Millions of people lost their jobs because of the global financial crisis. In 2012, the unemployment rate in the United States was 8.1 percent while 10.8 percent in the European region. Because of the unfavorable economic situation, it is hard for many people to find a new job, which is stressful and affects their social life.
Moira Burke of Facebook and Robert Kraut of Human-Computer Interaction Institute, Carnegie Mellon University teamed up in conducting a study among Facebook users regarding the advantage of social networks in helping individuals cope stress and find new employment.
Burke and Kraut examined how communication online with strong and weak social ties play down the impact of job loss on stress, how communication with social ties is linked to changes in social support, and finding a new job by conducting a survey with approximately 3,000 Facebooks users for three months. They studied the behavioral data including the social support, social capital, stress, and employment status of the users. According to them, the sample in the survey is composed of 169 people who lost their jobs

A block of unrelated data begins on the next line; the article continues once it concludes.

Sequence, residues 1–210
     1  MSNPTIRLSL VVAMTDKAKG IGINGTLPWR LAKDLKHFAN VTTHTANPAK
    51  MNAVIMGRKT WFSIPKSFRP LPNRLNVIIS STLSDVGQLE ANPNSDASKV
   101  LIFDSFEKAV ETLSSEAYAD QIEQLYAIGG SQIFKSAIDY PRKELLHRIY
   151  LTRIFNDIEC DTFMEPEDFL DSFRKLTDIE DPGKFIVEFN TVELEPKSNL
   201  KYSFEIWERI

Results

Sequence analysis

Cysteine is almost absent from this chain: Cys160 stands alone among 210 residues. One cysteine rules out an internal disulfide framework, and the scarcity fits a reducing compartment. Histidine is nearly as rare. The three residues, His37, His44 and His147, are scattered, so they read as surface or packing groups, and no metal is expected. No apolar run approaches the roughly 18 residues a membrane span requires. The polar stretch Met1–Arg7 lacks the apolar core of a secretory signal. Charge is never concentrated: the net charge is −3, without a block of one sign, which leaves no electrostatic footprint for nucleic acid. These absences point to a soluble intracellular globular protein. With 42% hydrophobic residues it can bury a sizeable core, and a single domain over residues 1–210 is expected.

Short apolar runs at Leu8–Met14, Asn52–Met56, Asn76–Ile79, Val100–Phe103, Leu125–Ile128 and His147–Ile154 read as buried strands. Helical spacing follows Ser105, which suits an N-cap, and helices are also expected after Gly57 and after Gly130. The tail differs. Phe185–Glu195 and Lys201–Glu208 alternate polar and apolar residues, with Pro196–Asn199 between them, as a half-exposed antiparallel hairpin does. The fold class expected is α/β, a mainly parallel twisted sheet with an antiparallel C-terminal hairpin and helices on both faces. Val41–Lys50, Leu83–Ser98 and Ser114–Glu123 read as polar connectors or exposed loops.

The study found that people with weak ties traveling is diverse social circles will likely find information about new job opportunities from external resources. According to Burke and Kraut, Motivated job seekers who put more time and effort into the networking aspect of their job search—tapping their informal connections for information—are more likely to find a job and receive more offers. Many job leads arise from “serendipity,” simply talking tothe right acquaintance at the right time.”
On the other hand, they emphasized that strong ties may be more beneficial for job-seekers in some circumstances. According to them, “While weak ties may provide more novel information about job openings, strong ties may be more willing to wield their influence on behalf of a close friend or relative.”
The study found that 33.2 percent of the respondents with strong ties believed that they could find a job within three months while people who talked more with their weak ties believed they are less likely to find a job.
In his blog, Burke explained that people with weak ties do not receive information about job openings on Facebook Inc (NASDAQ:FB) because conversations on the social network are more personal in nature. He said, “People may not reveal their employment plight to contacts they don’t feel close to.”
Facebook Inc (NASDAQ:FB)’s research did not evaluate the type of topics discussed by the respondents with their ties. The social network giant is currently doing a follow-up study to find out which friends are most helpful in helping them find a job.